Many years ago I was asked to meet with a pair of college entrepreneurs who had an idea to create this “new” product. The catch was that this “new” product was identical to someone another client of mine had been doing for a few years.

I took the meeting out of professional curiosity and was a bit dismayed by what transpired.

The new company’s business plan was simply “the other company sucks” and “the owner of the other company sucks” so theirs would (by default) be better.

The new company’s marketing strategy was “we’ll hire the same photographer to create an almost identical looking product.”

The hour-long meeting involved 45 minutes of the two of them bashing and trash talking the other company. Then came 10 minutes of them attempting to find out “secrets” from me as to what made their rival successful. The final 5 minutes they wrapped up by returning to bash the other company.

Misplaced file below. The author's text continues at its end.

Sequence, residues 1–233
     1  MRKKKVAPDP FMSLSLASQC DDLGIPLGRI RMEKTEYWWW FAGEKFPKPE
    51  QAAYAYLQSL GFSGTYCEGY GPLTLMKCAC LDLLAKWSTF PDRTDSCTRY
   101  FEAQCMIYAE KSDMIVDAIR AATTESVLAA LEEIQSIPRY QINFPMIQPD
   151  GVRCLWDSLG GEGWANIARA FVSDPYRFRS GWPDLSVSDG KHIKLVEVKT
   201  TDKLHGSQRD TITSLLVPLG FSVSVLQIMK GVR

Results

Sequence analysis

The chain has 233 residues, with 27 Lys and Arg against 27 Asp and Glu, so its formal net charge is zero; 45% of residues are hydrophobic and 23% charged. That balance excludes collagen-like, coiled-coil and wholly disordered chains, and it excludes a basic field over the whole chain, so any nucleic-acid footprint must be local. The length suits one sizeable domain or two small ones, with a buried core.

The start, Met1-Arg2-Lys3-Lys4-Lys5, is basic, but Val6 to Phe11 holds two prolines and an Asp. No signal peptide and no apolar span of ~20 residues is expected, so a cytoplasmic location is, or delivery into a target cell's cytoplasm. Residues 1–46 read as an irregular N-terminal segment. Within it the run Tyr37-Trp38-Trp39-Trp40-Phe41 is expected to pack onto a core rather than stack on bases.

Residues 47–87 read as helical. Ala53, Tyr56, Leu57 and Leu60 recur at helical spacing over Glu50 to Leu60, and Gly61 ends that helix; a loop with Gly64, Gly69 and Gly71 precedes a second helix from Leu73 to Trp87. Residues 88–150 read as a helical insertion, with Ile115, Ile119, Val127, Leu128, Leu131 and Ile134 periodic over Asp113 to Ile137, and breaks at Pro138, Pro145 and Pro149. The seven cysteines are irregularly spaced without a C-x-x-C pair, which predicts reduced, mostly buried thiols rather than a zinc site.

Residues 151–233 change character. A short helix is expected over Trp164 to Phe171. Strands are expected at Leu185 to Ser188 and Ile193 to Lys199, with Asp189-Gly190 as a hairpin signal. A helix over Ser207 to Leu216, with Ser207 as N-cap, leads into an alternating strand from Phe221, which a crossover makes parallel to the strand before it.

Needless to say, I did not end up doing the project.

Flash forward in time, the two did release their product to dismal and crushing results. The product was dead upon launch – although I would argue it was dead long before that.

The sole and entire impetus for these two was to attempt to take down, shame, defeat or put down another company that they didn’t like.

Listen, it is not unreasonable to have a distaste for your competition; but to base an entire company and product or services off that is a fruitless effort.

Your views on your competition, or your enemies, does nothing for your consumers. The end users.

Instead – the better option is to focus on making something with meaning.

This is what my friend Sarah Burke did with her new venture The Rise Up Project. You can see the video here:

It is the story of an Arizona-based music teacher who, along with her 400 students, created a unifying voice to campaign for what they want to achieve. That is creating something for the right reasons.

James Patrick